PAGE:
California's $400 Million Film Tax Incentive Clears Appropriations Committee
Looking to compete more effectively, the state of California wants to more than quadruple its annual funding for incentives to retain and attract movie and TV productions to about $400 million a year from the current $100 million annually.
The bill, which extends the program four years, passed the Senate Appropriations Committee on Thursday by a 5-0 vote.
The bill includes amendments that order applicants be ranked according to net new jobs created and overall positive and sustained economic impacts for the entire state.
It also amends the law to eliminate the lottery system, which is used to randomly select who gets a grant. Under the current program, there are many more applications than there is funding. This will allow funds to be available to provide incentives year-round.
Sen. Kevin de Leon (D-Los Angeles), chair of the Appropriations Committee, said in a Thursday afternoon statement: "One of California's most important and iconic industries has been the film and television industry. Hollywood is synonymous with that industry, but in the past decade that industry has been cannibalized by other states and countries that have poached tens of thousands of California jobs with lucrative financial incentives. To halt that steady outward march of jobs and creativity, California must have a robust, smart and efficient tax incentive program of our own — a tax incentive program that guarantees job growth and economic expansion, coupled with strong accountability and transparency measures."
Los Angeles mayor Eric Garcetti, who flew to Sacramento Wednesday to meet with Gov. Jerry Brown and other state legislators, lobbied for the expansion and extension of the incentives that began in 2009.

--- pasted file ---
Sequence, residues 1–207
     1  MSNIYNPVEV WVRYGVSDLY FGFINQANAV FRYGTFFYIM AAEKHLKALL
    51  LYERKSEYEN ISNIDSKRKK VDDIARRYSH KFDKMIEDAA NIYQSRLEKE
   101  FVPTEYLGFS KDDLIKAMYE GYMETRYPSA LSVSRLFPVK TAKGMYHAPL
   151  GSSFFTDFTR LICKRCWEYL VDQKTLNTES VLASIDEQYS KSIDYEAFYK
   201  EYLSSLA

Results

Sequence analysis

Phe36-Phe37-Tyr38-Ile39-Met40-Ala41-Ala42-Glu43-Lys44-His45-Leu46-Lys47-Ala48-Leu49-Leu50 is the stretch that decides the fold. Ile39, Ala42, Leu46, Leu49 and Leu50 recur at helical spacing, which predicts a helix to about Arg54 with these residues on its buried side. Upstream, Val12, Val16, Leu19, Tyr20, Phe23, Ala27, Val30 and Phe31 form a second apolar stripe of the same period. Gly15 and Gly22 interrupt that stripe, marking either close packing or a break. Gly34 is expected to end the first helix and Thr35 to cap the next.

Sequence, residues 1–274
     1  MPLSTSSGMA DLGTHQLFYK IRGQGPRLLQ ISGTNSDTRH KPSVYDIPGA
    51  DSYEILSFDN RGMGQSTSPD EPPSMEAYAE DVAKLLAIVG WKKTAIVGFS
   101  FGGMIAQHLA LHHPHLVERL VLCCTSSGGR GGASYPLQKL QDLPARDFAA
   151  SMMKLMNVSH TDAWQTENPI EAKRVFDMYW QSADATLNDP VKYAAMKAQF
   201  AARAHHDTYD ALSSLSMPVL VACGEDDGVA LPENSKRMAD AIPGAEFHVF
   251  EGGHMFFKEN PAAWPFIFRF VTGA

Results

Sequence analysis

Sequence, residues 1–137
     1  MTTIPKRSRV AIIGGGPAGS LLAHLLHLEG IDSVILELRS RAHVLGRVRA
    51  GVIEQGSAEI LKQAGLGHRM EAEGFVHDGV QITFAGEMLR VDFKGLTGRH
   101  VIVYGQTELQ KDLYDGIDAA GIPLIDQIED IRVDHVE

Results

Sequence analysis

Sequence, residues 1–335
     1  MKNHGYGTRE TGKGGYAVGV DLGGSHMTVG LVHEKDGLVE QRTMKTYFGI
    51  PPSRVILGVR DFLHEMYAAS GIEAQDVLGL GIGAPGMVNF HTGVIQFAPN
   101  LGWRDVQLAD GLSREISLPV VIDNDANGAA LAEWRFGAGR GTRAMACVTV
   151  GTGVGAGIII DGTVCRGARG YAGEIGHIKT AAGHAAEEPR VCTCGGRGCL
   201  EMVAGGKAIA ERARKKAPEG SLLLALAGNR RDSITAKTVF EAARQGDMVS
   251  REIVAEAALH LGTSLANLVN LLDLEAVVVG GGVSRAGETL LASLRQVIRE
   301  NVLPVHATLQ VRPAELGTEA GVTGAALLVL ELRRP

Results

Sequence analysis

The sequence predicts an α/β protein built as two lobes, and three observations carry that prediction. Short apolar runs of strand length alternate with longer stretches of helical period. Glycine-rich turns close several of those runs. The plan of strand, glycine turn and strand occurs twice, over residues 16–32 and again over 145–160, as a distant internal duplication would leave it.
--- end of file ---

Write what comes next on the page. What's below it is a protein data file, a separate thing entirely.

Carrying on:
Garcetti has said the amount needs to be increased to compete with states like New York, which allocates over $430 million annually to movie and TV incentives. It is widely expected the bill will pass the full Senate as well.
"This represents a responsible and significant investment in the future of California's middle class," Garcetti said in a statement Thursday afternoon, adding: "The current incentive is insufficient and forces California to turn productions away, along with jobs and revenues that should be here and supporting our schools, infrastructure and public services."
AB1839 has already passed the state Assembly and now is among several hundred bills being rushed to judgment in the final weeks of the state's legislative session.
There have been intense behind-the-scenes negotiations over how much money should be allocated. The discussions have included film and TV producers as well as those who provide services and support from all over the state, especially Southern California. That includes the major show business unions and guilds, the cities of Los Angeles and San Francisco, the MPAA and many small businesses that depend on the industry.
"The bill … underscores a commitment to the hardworking men and women of California's film and television production community and to putting an end to the loss of these middle-class jobs," said the California Film and Television Production Alliance, which represents a coalition of unions, associations and businesses.
Also at the heart of the discussions have been Assemblyman Mike Gatto (D-Los Angeles), and Assemblyman Raul Bocanegra (D-Pacoima), who co-authored the bill, which also has numerous cop-sponsors in the Assembly and Senate.
"I've heard from so many people over the past year," said Gatto in a statement, "who have told me about their family being torn apart because production left the state. This proactive effort ensures well-paying jobs stay in California and families remain together."
Garcetti meeting with the governor just before he spoke about the bill on Wednesday is a positive indication that Brown is onboard with the increase. Always known for his fiscal conservatism, Brown has not stated publicly whether he is for or against the bill. However, even Garcetti cautioned on Wednesday that the governor could waffle on the amount. But he added that he believes the governor "gets it."
As currently written, the bill would expand eligibility to include high-budget features and network TV series for the first time. The annual $100 million has been spent in a single day each year and has proven to be inadequate to stem the flow of production to other states and countries.